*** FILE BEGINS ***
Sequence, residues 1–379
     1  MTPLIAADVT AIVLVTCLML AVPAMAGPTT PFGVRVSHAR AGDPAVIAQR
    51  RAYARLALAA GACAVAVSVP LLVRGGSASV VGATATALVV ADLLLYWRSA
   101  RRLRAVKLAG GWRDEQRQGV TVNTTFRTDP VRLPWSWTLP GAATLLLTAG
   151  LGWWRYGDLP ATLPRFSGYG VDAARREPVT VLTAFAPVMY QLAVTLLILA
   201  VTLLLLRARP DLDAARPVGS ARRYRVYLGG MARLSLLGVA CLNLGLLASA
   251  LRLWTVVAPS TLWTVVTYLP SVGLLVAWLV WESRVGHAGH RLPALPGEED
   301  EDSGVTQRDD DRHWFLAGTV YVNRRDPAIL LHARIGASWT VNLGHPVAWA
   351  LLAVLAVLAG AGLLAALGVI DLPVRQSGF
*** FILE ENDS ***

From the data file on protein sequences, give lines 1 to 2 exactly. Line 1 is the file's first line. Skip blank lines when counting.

Sequence, residues 1–379
     1  MTPLIAADVT AIVLVTCLML AVPAMAGPTT PFGVRVSHAR AGDPAVIAQR